Well, if I didn't fail Evidence (courtesy of Prof. Weems), it looks like I am finished with law school. People still ask me my impressions, and I don't quite have a grasp on it. The only thing that comes to mine is the analogy I made early on comparing law school to pledging a fraternity. It's not like I have never been academically challenged before, but in law school, it seems there is an institutionalized method of presenting various obstacles that students must overcome. The first year was definately "sink or swim." It's like you find yourself in this situation trying to figure it all out, and it all comes down to one test. The process gets less taxing as you come to terms with the process. But for the life of me, I have never worked so hard to achieve mediocrity. Your grades oftentimes are measured against your peers (there is some real life practicality in this), and many time, the amount of studying does not determine the grades you received. I have never studies so, so much to only get a C. And that is, excuse me, was law school. I earned that Juris Doctor through sweat and tears, literally. And I don't regret it. Having knowledge of the law and legal system does impart power. You have a sense of security about how things work and you have a basic understanding of your rights and certain procedures. I always imagined that I would go to law school, and now that school is out forever, I am left to think about the rest of my life: beginning with landing a job in a dismal economy.
So I have a specific career goal. Ultimately I would like to be a political analyst and contributer for CNN. In addition, I wouldn't mind doing political consulting and advising. Accordingly, I never went to law school to practice law per se. I simply thought the degree lends itself to flexibility allowing me the opportunity to have several career options. And it does, and that is definately a plus in trying to find a job right now. So I am beginning to feel like Frodo (Lord of the Rings). In following every lead and every connection, I am going from place to place trying to land just the right position. I won't go into detail about it, but I am trying to keep the faith.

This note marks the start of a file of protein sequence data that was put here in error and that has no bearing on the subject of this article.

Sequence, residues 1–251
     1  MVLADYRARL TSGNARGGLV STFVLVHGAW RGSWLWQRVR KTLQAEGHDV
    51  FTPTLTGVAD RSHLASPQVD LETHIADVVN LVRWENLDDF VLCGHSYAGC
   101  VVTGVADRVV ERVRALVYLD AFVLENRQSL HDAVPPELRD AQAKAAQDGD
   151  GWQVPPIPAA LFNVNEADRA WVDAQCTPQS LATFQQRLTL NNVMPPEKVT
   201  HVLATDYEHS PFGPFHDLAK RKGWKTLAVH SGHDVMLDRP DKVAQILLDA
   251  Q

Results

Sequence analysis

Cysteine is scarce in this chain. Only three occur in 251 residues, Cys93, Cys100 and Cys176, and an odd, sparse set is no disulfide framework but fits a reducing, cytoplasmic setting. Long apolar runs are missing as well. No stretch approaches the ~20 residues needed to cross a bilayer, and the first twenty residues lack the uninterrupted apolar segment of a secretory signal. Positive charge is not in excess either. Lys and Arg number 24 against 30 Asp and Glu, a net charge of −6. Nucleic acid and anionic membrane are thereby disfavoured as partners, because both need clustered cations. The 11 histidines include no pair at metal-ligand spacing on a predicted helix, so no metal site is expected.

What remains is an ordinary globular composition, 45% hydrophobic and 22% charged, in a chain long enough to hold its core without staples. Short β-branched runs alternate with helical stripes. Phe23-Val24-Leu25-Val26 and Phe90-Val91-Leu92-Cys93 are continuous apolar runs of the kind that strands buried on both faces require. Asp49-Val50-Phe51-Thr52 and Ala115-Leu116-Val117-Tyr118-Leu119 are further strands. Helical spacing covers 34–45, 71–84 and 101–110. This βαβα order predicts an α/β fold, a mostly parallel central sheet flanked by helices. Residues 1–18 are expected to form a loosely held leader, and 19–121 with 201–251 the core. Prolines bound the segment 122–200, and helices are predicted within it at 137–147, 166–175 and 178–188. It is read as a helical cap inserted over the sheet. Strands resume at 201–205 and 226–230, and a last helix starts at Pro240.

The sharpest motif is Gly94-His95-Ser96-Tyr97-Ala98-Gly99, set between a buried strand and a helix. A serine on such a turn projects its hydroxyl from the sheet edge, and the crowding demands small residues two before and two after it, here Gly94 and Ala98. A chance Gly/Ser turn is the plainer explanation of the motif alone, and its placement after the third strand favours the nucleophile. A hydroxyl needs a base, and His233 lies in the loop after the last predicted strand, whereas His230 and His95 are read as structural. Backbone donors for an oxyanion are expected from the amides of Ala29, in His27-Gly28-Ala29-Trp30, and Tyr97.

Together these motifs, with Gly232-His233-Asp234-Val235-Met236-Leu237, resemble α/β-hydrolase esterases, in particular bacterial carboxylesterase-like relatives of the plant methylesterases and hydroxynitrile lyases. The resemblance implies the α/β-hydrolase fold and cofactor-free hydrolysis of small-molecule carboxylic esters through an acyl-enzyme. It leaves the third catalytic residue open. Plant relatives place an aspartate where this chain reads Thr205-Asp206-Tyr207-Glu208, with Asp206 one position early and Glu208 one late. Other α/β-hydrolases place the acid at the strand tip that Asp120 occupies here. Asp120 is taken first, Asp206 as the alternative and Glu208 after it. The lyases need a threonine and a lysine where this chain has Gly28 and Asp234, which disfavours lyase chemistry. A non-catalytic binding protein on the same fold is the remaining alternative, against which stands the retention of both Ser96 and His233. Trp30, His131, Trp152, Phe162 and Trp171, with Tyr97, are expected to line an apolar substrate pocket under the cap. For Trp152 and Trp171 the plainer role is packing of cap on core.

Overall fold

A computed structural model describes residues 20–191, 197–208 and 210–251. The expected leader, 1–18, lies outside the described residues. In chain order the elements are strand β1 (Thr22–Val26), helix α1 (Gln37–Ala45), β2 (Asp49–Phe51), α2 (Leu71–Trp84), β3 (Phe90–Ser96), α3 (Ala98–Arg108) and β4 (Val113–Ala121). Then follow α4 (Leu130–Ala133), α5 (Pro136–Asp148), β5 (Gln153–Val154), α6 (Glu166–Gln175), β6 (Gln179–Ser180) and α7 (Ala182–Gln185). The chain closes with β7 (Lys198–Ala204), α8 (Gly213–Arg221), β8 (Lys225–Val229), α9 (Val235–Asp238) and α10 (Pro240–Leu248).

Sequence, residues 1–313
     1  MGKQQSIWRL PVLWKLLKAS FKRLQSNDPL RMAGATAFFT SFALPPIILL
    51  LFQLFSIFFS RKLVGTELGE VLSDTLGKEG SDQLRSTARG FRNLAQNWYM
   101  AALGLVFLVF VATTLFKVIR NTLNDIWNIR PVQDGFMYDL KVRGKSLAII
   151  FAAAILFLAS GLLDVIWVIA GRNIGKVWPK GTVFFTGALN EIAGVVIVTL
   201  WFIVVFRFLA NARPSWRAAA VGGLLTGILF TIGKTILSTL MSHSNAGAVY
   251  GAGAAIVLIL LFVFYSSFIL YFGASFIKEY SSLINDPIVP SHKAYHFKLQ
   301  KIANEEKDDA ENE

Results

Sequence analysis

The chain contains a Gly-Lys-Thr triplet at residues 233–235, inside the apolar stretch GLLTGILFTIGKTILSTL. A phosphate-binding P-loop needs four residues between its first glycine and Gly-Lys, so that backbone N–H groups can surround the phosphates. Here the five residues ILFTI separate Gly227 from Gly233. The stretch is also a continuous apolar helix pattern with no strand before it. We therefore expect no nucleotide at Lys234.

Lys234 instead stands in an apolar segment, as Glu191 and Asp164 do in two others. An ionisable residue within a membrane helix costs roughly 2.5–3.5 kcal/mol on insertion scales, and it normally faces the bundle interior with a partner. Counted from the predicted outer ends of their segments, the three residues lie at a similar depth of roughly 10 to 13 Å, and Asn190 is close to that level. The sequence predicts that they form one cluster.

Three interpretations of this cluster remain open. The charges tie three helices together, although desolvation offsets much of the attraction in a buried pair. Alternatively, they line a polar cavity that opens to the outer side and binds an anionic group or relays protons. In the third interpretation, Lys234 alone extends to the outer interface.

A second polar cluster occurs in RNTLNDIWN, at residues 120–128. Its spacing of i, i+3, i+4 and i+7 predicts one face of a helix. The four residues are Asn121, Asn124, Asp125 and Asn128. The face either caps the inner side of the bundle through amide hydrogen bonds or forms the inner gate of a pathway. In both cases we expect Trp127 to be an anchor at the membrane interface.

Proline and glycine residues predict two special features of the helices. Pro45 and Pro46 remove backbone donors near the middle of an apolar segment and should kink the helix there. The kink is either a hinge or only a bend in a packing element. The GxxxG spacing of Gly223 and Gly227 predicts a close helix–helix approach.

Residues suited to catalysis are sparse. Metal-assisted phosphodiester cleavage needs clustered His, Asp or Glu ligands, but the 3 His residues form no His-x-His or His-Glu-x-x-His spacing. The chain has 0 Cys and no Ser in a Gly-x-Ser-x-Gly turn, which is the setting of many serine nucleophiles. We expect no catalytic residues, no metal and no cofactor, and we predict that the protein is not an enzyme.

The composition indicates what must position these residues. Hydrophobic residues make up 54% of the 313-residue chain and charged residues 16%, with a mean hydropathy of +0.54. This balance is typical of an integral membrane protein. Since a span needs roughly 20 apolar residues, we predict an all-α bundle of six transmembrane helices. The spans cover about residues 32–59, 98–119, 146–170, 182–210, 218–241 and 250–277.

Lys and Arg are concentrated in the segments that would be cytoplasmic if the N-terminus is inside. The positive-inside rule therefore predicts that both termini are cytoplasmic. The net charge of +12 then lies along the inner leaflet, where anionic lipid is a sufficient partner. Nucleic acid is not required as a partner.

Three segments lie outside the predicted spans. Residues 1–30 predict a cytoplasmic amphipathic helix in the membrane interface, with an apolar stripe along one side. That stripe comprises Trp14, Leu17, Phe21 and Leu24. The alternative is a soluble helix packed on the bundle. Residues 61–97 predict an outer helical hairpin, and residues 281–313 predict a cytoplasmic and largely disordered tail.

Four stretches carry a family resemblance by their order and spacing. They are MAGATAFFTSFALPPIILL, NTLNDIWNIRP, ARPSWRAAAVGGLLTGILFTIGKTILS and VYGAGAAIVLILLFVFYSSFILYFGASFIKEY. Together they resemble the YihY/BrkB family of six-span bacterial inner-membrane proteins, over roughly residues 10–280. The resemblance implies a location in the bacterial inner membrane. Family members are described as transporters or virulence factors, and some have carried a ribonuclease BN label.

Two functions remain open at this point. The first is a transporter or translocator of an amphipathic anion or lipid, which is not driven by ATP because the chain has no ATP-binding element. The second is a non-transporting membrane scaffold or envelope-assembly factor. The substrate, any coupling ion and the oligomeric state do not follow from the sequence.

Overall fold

I have moments of doubt. I mean, I never factored that I would graduate at a time like this. There was a certain expectation I had while in school. It wasn't an entitlement, it was the natural progression of things (so I thought). You put in the time, you do what you are supposed to do, think about the future today, and you have everything lined up so that when you graduate you have an opportunity waiting for you. So, there are moments when I feel some anxiety because I am the type of person who likes to be one step ahead. And now I am in a situation where I have to wait. Patience was never my strongest suit, but friends and family are helping me through it.
But in a less serious change of discussion. What I will always prescribe to anyone searching for a job, is to have a well tailored suit. But come on, who of us has tailors at this point? Right, so when I say well tailored, I mean buy a suit that FITS. Take for example, Mr. Bond:This how you wear a suit. As a graduation gift, my dad bought me a navy suit from Banana Republic. Their suits run up to $400 dollars, but I got mine for $150, courtesy of
the recession. I have lost some weight in the past few years, so the suits I have really did not fit well. The last interview I had, I felt so self conscious about it. So, I needed to get a suit that fit. I would say the next to "who you know" and "what you know" (the latter being less significant), the presentation (what you look like) counts for something. And inherently, when you look good, you feel good and you are more readily able to convey your experience and credentials with confidence. I was trying to pass on wear 42 Longs (in chest) matched with matching suit pant slacks I had with 36 in waists! Yeah, there used to be a little more of me to love. But currently, for my best suit is a 40 (regular or long depending on the cut) with a 33 inch waist pant (or 32, depends on cut). The arms of the blazer should fall just enough to wear you are able to reveal a bit of cuff. And the blazer itself, should hug the shoulders as if it was made for you. For men, it's about the fit and proportion. When you can get the right fit and proportion for your body type, you can never go wrong.